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Index Trading

Index Trading




Stock index – a composite index calculated on the basis of the prices of a certain group of securities – the “index basket”.

When calculating an index, its initial (base) value can be the sum of prices or be equated to an arbitrary number (for example, 100 or 1000). To ensure comparability, prices are often multiplied by additional factors. Therefore, the absolute values ​​of the indices are not important. Changes in the index over time are important, which makes it possible to judge the general direction of price movement in the index basket, despite the fact that stock prices within the “index basket” can change in different directions. Depending on the principle underlying the choice of securities for the index, it can reflect the price dynamics of a group of securities, united by some criterion (for example, high, medium, small stock capitalization) of the selected market sector (for example, telecommunications), or the broader stock market in general.

A stock index is not single security, so one usually speaks of the “value” or “level” of the index, but not the “price”. At the same time, stock indices are often the basis of similarly named derivative financial instruments (index futures or options), which are used for investment and speculative purposes or for hedging risks. In this case, the value of the index is interpreted as the price of this instrument.

Mutual funds or funds, traded on the stock exchange, often use indices as a benchmark (a standard for copying).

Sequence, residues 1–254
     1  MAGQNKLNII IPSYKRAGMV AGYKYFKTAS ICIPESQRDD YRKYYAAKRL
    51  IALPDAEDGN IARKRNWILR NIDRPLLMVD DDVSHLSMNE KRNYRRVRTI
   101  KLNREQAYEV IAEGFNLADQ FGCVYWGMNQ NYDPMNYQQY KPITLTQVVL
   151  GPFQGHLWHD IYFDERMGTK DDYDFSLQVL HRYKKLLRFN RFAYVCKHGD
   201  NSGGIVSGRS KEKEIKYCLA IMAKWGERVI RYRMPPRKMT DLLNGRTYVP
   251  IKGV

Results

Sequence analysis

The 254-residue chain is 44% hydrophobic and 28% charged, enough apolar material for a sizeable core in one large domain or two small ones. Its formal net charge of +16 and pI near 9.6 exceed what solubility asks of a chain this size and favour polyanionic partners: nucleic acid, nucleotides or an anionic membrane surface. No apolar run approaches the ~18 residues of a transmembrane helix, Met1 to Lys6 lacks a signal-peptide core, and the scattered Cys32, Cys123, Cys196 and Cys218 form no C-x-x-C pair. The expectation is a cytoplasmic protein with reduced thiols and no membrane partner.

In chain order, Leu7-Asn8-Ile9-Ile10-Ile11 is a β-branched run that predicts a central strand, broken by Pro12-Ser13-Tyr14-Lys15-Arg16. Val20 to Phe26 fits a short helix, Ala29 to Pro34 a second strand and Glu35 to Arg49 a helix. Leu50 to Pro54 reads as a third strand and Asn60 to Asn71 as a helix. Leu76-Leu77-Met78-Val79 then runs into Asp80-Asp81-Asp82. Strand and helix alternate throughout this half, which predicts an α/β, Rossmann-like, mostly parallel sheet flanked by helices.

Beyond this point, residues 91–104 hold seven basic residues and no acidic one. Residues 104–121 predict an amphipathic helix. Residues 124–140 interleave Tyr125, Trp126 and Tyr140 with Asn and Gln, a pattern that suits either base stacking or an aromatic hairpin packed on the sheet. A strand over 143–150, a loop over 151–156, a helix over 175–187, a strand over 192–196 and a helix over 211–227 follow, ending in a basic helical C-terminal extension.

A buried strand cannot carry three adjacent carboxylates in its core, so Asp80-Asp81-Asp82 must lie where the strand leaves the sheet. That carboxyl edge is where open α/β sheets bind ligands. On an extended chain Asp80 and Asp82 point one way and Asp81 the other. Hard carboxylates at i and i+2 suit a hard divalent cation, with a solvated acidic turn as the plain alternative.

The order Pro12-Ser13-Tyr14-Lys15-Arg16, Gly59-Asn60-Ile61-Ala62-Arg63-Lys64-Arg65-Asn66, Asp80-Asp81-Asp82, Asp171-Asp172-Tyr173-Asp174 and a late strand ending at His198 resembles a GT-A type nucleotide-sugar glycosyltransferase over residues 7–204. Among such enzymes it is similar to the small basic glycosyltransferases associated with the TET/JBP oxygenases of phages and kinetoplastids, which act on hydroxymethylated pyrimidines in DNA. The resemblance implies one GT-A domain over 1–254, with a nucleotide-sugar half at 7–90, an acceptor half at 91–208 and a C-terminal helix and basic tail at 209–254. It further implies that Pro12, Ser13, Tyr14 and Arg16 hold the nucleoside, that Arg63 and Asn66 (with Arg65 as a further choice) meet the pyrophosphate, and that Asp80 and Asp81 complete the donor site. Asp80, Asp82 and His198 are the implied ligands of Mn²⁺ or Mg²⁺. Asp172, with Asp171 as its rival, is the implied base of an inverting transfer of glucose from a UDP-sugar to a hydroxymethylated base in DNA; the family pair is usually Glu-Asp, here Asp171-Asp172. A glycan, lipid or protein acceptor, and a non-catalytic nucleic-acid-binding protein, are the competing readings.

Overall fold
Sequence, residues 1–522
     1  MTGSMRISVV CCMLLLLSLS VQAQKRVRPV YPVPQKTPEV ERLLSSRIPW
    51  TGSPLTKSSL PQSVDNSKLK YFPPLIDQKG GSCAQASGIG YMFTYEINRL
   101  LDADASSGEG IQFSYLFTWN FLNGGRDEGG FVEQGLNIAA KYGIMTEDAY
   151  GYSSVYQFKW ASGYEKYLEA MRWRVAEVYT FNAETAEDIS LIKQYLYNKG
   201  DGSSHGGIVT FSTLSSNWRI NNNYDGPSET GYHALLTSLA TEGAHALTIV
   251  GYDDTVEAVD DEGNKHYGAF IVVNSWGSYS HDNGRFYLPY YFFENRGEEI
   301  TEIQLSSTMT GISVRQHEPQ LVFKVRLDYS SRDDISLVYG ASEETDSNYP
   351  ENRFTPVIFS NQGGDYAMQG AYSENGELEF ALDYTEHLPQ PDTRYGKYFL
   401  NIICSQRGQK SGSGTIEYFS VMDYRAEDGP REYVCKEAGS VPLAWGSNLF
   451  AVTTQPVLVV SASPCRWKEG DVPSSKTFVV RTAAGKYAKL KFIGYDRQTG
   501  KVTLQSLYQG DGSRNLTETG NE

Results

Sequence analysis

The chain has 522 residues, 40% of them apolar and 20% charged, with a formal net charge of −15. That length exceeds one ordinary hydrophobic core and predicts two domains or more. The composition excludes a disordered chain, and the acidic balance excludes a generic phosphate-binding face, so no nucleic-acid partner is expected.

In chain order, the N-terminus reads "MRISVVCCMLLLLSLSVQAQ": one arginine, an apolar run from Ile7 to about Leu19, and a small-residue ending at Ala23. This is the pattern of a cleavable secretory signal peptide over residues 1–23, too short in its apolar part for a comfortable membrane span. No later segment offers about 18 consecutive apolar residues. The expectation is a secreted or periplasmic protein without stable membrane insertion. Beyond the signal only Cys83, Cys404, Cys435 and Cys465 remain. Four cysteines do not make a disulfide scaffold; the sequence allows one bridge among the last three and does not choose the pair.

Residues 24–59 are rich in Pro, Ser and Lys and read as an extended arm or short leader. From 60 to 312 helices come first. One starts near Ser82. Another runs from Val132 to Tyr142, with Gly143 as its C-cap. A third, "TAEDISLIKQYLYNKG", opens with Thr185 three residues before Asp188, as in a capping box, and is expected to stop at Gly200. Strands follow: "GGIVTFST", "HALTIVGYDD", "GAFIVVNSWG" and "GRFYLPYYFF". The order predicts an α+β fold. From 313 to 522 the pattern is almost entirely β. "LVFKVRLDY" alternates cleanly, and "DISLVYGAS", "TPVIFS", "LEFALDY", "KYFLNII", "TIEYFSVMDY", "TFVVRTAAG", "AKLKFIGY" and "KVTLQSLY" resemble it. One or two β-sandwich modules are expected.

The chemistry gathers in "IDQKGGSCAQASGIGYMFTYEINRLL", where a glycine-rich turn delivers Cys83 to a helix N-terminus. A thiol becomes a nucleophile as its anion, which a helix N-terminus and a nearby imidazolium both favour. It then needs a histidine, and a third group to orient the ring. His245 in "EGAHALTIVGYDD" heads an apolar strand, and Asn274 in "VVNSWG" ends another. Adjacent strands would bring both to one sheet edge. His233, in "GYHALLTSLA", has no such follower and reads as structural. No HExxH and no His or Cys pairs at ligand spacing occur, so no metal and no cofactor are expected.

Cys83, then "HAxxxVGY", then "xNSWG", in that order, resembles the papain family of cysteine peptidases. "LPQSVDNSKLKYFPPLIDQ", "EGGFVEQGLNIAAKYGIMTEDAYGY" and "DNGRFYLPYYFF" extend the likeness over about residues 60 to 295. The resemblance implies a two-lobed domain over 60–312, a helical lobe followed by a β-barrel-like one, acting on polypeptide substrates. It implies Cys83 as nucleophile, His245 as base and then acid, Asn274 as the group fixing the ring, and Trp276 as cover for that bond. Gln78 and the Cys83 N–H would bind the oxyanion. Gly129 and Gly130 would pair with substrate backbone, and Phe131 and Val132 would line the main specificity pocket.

According to Dow Jones & Co. Inc., at the end of 2003, there were 2,315 stock indices in the world.

At the end of the name of stock indices, there may be a number indicating the number of joint-stock companies on the basis of which the index is calculated: CAC 40, Nikkei 225, S&P 500.

History of stock indices

The first stock index was developed on July 3, 1884, in the United States by the journalist of the Wall Street Journal, a famous financier, founder of the Dow Jones & Company Charles Doe. The Dow Jones Transportation Average was calculated for the 11 largest transportation companies in the United States. Today it includes 20 shipping companies. However, the most famous is the Dow Jones Industrial Average (DJIA), calculated for the 30 largest industrial companies since 1928.

Methods for calculating stock indices

It is the sum of the prices of all assets included in the index, divided by the divisor. The most famous example is the Dow Jones Index:

  • The price of the ith share, D {\ display style D} DDDDDDD – Divisor of the Dow Jones index
    The divisor is changed to preserve the continuity of the index value when adding or excluding companies from the index, as well as during other corporate events (for example, a change in the number of shares of a given company included in the index). The divisor value is published in The Wall Street Journal, as of May 2014 is D = 0.15571591. This method is the easiest to calculate. Its disadvantage is that in it the weight of each share is proportional to its price, which is an arbitrary value. Currently, this method is used to calculate the traditional indices of the Dow Jones family, Nikkei 225. As a rule, modern indices do not use price weighting.

Stock indices trading

A stock index futures is a contract to buy or sell the par value of an index at a specified time in the future. In the US, there are futures on several stock indices: S&P 500 (Chicago stock exchange CME), NYSE Composite (New York stock exchange NYFE), MMI (Chicago stock exchange CBOT 1) [1].